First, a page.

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How a Sharknado Would Work

The Perfect Weather for a ... Sharknado?!
A waterspout touches down in the English Channel off the English coast on June 28, 2014.
A waterspout touches down in the English Channel off the English coast on June 28, 2014.
Jordan Mansfield/Getty Images

In theory, a sharknado should work like a regular tornado, just with a little extra flair (flair = man-eating sharks). Technically speaking, since the sharknado is going to suck up sharks from the ocean, we'd be talking about a funnel cloud that forms over the water: a waterspout. Generally weaker than tornadoes, waterspouts can form from fairly innocuous clouds. But if we're looking for a weather system that is going to suck up sharks, we'll need the more powerful tornadic waterspout.

Like its land counterpart, tornadic waterspouts are whirling columns of air that develop from thunderstorms. As the condensation associated with the thunderstorm releases heat, that heat becomes the energy that drives huge upward drafts of air. This movement of air eventually can turn into a vortex where warm air on the inside moves upward and cool, dry air on the outside of the vortex sinks. The difference in temperature between the inside and outside of the vortex builds a level of instability that helps the tornado -- or in this case, waterspout -- thrive.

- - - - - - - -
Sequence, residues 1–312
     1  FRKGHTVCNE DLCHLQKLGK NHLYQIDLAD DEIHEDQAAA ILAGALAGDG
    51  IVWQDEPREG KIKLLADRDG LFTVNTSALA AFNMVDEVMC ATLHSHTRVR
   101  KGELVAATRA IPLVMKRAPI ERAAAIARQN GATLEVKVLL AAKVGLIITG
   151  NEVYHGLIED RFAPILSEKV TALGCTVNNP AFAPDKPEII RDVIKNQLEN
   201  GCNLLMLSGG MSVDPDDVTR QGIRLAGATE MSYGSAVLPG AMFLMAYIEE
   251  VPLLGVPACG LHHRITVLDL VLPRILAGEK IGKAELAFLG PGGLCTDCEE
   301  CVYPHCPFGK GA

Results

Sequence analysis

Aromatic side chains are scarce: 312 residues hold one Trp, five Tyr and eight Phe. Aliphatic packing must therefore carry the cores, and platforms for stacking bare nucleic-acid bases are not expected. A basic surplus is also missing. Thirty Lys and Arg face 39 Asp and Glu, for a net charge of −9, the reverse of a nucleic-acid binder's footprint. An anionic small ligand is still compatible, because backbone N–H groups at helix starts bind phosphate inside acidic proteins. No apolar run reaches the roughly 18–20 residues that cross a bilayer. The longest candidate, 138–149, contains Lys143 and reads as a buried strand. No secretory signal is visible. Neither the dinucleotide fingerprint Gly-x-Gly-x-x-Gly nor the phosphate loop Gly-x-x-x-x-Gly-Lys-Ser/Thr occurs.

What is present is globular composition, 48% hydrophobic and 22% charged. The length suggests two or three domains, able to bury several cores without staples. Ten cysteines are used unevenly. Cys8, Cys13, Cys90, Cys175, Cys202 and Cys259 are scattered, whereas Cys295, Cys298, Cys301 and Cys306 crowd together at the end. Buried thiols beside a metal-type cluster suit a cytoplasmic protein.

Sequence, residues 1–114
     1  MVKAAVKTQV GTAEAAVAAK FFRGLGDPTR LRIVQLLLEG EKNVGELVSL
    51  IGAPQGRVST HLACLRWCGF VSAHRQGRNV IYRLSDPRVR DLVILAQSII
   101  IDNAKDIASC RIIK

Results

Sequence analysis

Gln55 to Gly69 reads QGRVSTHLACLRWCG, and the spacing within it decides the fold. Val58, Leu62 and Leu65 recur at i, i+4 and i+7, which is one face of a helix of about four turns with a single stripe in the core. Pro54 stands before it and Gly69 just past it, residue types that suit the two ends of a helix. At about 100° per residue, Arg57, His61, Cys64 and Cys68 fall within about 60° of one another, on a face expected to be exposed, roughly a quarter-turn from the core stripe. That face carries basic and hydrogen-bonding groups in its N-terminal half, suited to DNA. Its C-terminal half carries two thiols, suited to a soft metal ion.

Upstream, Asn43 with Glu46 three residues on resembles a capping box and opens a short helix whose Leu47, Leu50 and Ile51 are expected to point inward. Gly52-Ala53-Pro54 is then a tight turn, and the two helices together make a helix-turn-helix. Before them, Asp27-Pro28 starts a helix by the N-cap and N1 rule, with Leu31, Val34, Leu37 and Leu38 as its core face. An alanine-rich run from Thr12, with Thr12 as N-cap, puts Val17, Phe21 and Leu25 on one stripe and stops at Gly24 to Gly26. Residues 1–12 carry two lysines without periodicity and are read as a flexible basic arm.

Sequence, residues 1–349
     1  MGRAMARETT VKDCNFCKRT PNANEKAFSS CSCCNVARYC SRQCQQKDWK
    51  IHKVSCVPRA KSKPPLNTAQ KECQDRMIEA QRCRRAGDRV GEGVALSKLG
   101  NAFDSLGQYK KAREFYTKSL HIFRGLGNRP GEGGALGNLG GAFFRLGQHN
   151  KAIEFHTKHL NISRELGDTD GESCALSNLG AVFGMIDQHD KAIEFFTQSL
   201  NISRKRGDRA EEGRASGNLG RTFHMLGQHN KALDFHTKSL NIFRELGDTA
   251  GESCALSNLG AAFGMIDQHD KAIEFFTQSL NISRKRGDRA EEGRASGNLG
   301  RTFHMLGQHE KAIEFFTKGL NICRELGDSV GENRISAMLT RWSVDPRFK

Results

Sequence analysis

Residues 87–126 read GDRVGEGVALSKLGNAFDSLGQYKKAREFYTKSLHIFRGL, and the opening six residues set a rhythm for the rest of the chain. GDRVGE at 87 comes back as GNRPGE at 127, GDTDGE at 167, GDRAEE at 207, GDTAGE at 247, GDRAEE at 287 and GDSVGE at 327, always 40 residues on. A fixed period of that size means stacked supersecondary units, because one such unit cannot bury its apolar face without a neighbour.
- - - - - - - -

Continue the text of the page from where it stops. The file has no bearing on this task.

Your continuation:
Once the waterspout moves ashore, it becomes a tornado. If it has managed to suck sharks up into its funnel cloud before it moves ashore, then we'd call it a sharknado.

Waterspouts typically form over warm, tropical waters. In fact, the Florida Keys have just the right balance of warmth and moisture to generate more waterspouts than anywhere else on Earth [source: Kellogg]. The common formation of waterspouts and the fact that great white sharks have been found off the Florida Keys means that our best chances of getting a sharknado to form are in the Sunshine State.